Kalamazoo College students are not only known for their high academic accomplishments, but also their pro-active engagement in the local communities outside campus. One of those students is Rojina Timsina ’24, who has been civically engaged in her local communities since high school. Rojina’s earliest civic engagement experience included volunteering with the Refugee Educational Center in her hometown of Grand Rapids, Michigan.
Once she arrived in Kalamazoo, her sophomore year of college, she was drawn to the work that the Mary Jane Underwood Stryker Center for Civic Engagement (CCE) did in the Kalamazoo community. Through the CCE, she worked as a classroom aide at El Sol Elementary School, where she assisted the teacher in kindergarten and first-grade classrooms. Additionally, she worked as a monitor and tutor with the Homework Champions Tutoring program (HCT). Students who work with HTC join a partnership through the CCE that includes Kalamazoo Public Schools, the Refugee Outreach Collective and Western Michigan University to provide educational, emotional and holistic support to recently settled refugee students and their families in the Kalamazoo area.
This year, Rojina is one of the three Civic Engagement Scholars (CES) for the HCT program. As a CES, Rojina’s roles include recruiting K students for the program, facilitating orientations and reflection sessions, working toward expanding the program, and serving as a liaison between the K students and the community partners. “I was very drawn to the mission of HCT, and the group of very dedicated, aware and intentional people that were making this program happen,” Rojina said.
Rojina has also been involved in the public policy and non-profit sector during the past two summers. Through the CCE’s Community Building Internship program, she interned at the Michigan Immigrant Rights Center (MIRC) (2022). As a public policy intern, she was working with coalitions around Michigan that were attempting to gain momentum on policies that would serve the communities they represented. Rojina’s favorite policy was the Drive Michigan Forward act that allowed Michigan residents to obtain a driver’s license regardless of their immigration status. Also through the CBI program, in 2023 Rojina interned at the Kalamazoo Youth Development Network, where she explored how the values of identity, belonging and agency are incorporated within the BIPOC youth programs. While studying abroad in Jordan, Rojina worked with a global organization called Talent Beyond Boundaries (TBB). TBB connects refugees to international job opportunities, opening labor mobility as a complementary solution to traditional refugee resettlement. As an intern, she helped with the process of finding professional jobs overseas for refugees in Jordan and assisting them with the preparation process after they received the job.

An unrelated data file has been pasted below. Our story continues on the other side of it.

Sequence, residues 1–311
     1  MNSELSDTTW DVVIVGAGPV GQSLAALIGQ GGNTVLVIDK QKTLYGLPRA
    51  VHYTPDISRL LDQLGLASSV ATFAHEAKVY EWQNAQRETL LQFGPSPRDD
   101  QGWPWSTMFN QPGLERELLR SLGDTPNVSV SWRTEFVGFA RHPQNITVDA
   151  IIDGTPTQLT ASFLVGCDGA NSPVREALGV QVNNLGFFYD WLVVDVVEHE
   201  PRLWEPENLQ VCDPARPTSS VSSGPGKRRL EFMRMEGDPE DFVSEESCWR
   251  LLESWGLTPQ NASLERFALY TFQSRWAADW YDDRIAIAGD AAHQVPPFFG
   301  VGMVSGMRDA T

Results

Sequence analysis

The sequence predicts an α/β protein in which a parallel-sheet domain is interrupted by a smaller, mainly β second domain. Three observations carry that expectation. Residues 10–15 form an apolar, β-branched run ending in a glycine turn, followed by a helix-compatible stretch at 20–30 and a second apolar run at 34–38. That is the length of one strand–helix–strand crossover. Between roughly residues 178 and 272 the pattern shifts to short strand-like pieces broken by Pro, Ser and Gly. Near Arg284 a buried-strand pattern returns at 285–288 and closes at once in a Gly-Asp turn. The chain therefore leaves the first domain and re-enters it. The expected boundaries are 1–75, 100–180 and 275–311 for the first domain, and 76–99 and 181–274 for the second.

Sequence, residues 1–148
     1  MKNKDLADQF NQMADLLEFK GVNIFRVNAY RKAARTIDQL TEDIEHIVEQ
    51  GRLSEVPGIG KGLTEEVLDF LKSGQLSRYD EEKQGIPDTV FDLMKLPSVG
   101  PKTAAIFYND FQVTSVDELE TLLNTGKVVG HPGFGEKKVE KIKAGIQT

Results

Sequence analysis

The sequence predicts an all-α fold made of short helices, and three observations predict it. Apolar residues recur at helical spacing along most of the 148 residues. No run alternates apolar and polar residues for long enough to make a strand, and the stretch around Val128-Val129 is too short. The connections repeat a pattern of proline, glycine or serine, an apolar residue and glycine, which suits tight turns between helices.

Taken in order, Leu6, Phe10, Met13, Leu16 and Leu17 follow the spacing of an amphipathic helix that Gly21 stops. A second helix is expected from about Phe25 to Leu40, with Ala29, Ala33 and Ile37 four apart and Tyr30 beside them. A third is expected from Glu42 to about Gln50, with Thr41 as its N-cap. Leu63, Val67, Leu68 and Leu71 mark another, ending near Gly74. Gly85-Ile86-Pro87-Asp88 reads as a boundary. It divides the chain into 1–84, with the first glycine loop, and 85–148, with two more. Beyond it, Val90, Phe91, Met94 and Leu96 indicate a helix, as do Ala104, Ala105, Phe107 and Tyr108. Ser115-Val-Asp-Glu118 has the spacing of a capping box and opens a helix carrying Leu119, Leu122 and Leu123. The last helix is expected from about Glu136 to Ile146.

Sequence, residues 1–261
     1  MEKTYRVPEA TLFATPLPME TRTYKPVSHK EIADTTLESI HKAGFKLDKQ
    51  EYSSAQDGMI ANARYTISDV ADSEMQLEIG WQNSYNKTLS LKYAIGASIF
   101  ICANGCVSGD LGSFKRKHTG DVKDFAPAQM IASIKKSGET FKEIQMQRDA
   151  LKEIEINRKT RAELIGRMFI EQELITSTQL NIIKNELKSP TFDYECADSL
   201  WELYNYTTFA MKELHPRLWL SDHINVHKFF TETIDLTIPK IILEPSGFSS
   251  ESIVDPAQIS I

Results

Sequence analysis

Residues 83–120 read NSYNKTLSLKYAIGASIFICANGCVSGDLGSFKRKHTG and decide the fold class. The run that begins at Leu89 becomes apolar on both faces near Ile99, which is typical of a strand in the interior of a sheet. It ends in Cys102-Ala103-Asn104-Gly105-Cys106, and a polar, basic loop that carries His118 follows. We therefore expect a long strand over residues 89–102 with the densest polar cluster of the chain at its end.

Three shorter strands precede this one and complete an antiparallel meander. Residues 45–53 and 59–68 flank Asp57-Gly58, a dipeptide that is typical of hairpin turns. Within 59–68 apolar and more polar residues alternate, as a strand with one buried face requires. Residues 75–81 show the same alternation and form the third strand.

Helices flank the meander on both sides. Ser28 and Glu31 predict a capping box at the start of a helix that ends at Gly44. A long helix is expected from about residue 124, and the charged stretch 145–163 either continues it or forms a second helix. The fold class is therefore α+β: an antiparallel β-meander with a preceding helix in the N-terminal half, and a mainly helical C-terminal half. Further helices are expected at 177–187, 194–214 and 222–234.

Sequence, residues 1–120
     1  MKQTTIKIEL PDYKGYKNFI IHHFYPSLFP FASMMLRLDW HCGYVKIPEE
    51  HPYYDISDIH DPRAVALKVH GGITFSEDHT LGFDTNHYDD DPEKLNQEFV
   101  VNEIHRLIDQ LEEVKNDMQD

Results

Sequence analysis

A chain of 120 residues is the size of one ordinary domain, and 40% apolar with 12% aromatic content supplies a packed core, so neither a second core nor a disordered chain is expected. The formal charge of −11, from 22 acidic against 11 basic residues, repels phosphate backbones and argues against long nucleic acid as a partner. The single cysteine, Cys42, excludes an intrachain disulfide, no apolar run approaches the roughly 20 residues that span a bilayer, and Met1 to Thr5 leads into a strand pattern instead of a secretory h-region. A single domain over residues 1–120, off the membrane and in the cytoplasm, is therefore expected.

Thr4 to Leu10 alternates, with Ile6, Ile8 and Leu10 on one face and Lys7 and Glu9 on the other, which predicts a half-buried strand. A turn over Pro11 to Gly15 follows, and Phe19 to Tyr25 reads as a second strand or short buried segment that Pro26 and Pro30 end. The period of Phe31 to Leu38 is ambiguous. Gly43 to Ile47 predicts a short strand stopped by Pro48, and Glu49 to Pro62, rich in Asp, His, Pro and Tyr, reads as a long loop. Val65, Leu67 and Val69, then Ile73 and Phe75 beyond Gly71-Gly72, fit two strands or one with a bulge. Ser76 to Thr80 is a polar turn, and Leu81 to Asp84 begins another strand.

Rojina is a senior working on her psychology major with an English minor. She enjoys the diversity of classes, viewpoints and ideas in both the psychology and English departments. “I have absolutely loved every class I have been in,” she said. “I have taken unique memories, knowledge, perspective, and ah-ha moments from every class. My First-Year Seminar, Culture of Slang, with Candace Combs challenged me to appreciate the uniqueness of my identity and find a community that I can fall back on to this day. One of my most beloved assignments has been a five-hour life history with a K student for my Narrative Analysis class with Dr. Gary Gregg. Some of my most significant memories this past year can be traced back to my beginning Arabic classes with Professor Anna Swank. The Arabic program at K really challenged me to step out of my comfort zone and paved a path for me to go abroad and live life in another language.”
Editor’s note: This story was written by Blagoja Naskovski, a senior at K, majoring economics with a minor in art history. Currently he serves as a social media ambassador for the College Marketing and Communications team.